Market Volatility Bulletin: Just What The Recovery Story Needs

by: The Balance of Trade


This week opened with little movement, mixed trade, and a spot VIX that is only modestly higher.

The current market jump in volatility appears to be more organic than February's.

VIX9D is now trading below HV20: is a break in store for investors?

Market Intro

CNBC: 12:33 PM EST

US indexes (SPY, DIA) are trading mixed in the Monday session: that's a good sign for those are short volatility (SVXY). Apple (AAPL) is struggling, which is weighing down the NASDAQ (QQQ), and small cap names as benchmarked by the Russell 2K (IWM) are also down mildly.


The FOMC meets again this week, though there is not a high probability of any further rate hikes in the November session, particularly as monetary policy makers are likely more keen on seeing markets stabilize a bit.

Spot VIX is off the week's lows from Friday, but certainly closer to the bottom of its one-month range than the top. That may feel reassuring, but in the great sweep of how such events unfold should not be weighed as conclusive in terms of the term structure retaking its former territory.

Thoughts on Volatility

The official U-3 unemployment rate is the lowest it's been going back into the 1960s. Remember, though, that companies tend to hire or fire in response to how the economy is performing, and as such this metric tends to be a lagging indicator of economic health.

No matter how positive your strategy's Sharpe Ratio or "Upside/Downside Capture", you will have to at least risk something for positive exposure. The trouble with much of the last decade is that it can create a sense of complacency or entitlement in terms of believing that there should be many units of market upside per unit of risk. Historically speaking, buy-and-hold has rarely ever had it so good.

You want to be realistic about the nature of the "game" that you're playing, whether you are a trader or an investor.

We've had this discussion before: does the causal chain always work like this? I think that it is reasonable to respond with a firm "usually". In fact, the VIX complex has been very well behaved over the past five weeks or so. Unlike early February, this episode of increased vol truly does appear to have emanated from the SPX itself, and if anything VX futures has been stubborn to follow the wicked blitz higher in realized vol.

Term Structure

The difference in the term structure for Monday as opposed to last week is modest. That said, one can see the earmarks of an attempt here to settle the movement in SPX down, potentially lowering HV20. The VIX9D, which recently was printing over 30, is now almost a point below HV20, calling for something of a reduction in short-term volatility here. XLK Skew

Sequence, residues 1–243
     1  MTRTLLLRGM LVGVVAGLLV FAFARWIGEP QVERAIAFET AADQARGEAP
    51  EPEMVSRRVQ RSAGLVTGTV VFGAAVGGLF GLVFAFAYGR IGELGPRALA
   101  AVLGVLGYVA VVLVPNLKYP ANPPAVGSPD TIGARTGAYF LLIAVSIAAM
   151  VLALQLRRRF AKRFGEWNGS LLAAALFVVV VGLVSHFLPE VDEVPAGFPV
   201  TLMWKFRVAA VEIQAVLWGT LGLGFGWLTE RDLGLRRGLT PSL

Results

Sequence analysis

The challenge for now is getting tech stocks (XLK) from dumping for any or every reason. Above is 25-Delta Skew: the implied volatility between the 25d put vs the 25d call. Note the disparity between the 20-day average (in red) vs. the 250-day average (in yellow). Last month there was not much in the way of symmetry between big tech upswings vs. downdrafts. If and when tech normalizes, I think the recovery has a better shot at bearing fruit. Apple

Apple (AAPL) is seeing its implied volatility drop after the earnings announcement (which is extremely normal). As the largest-weighted company in the S&P, it bears keeping an eye on this name, as a prolonged period of volatility may bleed over into other stocks due to the company's reputation as an economic and stock market leader. Note that HV20 (in purple) for Apple is at a fifty-two week high.


If this is your first time reading Market Volatility Bulletin, thanks for giving it a try. If you're a regular, we thank you for your ongoing contributions in the comments section.

Thank you for reading.

Please consider following.

Disclosure: I/we have no positions in any stocks mentioned, and no plans to initiate any positions within the next 72 hours.

I wrote this article myself, and it expresses my own opinions. I am not receiving compensation for it (other than from Seeking Alpha). I have no business relationship with any company whose stock is mentioned in this article.

Additional disclosure: I actively trade the futures and options markets, potentially taking multiple positions on any given day, both long and short. I also hold a more traditional portfolio of stocks and bonds that I do not "trade". I do believe the S&P 500 is priced for poor forward-looking returns over a long timeframe, and so my trading activity centers around a negative delta for hedging purposes.